6. Dana

    Dana In the trades

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    Location:
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    If all they did was eyeball the nameplate on the equipment and start sketching the "solution", there is clearly no load calculations going on.

    Cook yourself up an I=B=R spreadsheet heat load calc, and tell THEM what the heat load is. It won't be as clean or accurate as a Manual-J, but it sure beats a WAG, which is what the two practitioners seem to be all about. Unless it's a walk-out basement that faces due west with a lot of windows and no shade factors, it's not going to much matter what the cooling load is.

    If it's not a walk out basement and this project is for duct-work only, not a zone with it's own thermostat you'll probably be pretty cold down there during the peak cooling days no matter what, and during the heating season it could vary between too-cool and too warm- you can't really balance it. With a well-insulated basement just a tiny duct with a register you can turn off would let you do the temperature adjustment to suit, but closing down the supply register unbalances the ducts, which increases outdoor infiltration rates (always), increasing energy use. (The magnitude of that penalty depends on how tight your house is.)
  7. Tom Sawyer

    Tom Sawyer In the Trades

    Messages:
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    Location:
    Maine
  8. Al G.

    Al G. New Member

    Messages:
    18
    Location:
    Woodbridge, VA
  9. Tom Sawyer

    Tom Sawyer In the Trades

    Messages:
    3,047
    Location:
    Maine
    You are the one that said they were reputable and I'd bet they both are. The difference between one register, either supply or return ain't going to make a difference. There are several ways to accomplish the same job. If you get three quotes, you will also get three different prices and three different ways of skinning your cat, but I'd also bet that both of the contractors you called will give you value for your dollar spent. As for doing it yourself? Why not. Learn to be a tin knocker, learn how to properly size ductwork and how to install it to the mechanical code and sure, you can save a bit of money. That neither contractor spent three hours drawing up plans and doing a heat loss means virtually nothing. They didn't do it because chances are they have handled situations like yours many dozens of times over the years. Contrary to what some may tell you, an experienced contractor can indeed tell you pretty close to exactly what you need because he's been there, done that.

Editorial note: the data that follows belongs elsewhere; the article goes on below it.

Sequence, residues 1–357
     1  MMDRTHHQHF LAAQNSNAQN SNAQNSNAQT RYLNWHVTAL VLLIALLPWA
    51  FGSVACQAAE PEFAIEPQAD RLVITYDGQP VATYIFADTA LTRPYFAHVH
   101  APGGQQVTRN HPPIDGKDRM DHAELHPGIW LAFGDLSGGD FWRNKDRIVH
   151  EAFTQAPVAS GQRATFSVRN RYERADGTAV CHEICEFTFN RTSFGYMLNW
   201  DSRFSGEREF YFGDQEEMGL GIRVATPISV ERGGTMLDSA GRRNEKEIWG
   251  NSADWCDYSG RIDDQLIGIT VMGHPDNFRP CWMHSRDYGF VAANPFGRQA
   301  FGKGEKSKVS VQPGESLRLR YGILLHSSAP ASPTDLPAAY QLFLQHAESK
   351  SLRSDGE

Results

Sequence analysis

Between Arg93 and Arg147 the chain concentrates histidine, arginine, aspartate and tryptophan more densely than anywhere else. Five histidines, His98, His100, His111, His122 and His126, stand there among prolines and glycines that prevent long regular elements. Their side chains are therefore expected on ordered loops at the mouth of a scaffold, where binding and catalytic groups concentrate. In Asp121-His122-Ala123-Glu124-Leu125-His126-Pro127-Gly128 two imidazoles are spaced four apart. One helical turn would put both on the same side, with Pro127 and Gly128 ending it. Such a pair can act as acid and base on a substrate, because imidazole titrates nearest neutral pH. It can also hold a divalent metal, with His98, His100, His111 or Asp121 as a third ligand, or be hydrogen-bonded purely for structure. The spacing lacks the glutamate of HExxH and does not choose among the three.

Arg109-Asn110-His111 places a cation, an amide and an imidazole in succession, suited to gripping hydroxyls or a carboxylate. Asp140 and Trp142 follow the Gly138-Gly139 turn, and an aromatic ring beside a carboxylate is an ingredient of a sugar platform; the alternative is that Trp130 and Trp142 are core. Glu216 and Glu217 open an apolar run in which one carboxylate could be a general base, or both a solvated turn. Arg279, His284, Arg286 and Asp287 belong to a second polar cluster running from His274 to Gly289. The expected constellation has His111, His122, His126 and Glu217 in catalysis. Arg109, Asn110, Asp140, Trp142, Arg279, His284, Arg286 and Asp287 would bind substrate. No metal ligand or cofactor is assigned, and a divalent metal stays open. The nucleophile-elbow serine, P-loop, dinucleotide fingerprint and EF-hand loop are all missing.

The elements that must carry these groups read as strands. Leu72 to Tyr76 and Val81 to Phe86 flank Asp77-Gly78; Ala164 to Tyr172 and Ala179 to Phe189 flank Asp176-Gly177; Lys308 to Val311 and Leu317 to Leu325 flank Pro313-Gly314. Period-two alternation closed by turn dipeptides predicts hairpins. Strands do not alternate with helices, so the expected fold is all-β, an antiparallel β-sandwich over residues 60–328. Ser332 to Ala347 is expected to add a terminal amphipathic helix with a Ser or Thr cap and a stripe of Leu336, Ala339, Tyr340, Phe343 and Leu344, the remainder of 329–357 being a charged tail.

10. Al G.

    Al G. New Member

    Messages:
    18
    Location:
    Woodbridge, VA
    Why didn't you just say that in your first response? I came here and asked what kind of effort I should expect to see in preparing a quote for my job. I'm not experienced in this area and wanted to know if quick solutions such as those two contractors proposed were the industry norm for this type of job. I thought this forum was a place this kind of question could be asked.
  11. Tom Sawyer

    Tom Sawyer In the Trades

    Messages:
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    Location:
    Maine
    It is the place to ask but remember that this is a diy site so anybody can respond to your questions. We have homeowners, engineers, contractors and service tech all answering questions. I tend to approach the problem from a practical point of view, having been in the business for almost 40 years now. There is a line between cost and practicality. You do a complete manual J on the house and the 1st thing you are going to find is that your current equipment is probably 50% oversized for both heating and cooling. You will, if you dig deep enough, also probably find that your existing ductwork could have been improved upon but, do you really want to go to the expense of tearing everything out and starting over? Even if you do, do you have the money to tear it all out and start over? Most folks will say hell no. You can spend a whole lot of time and money just to save a few dollars.
    Last edited: Jan 17, 2014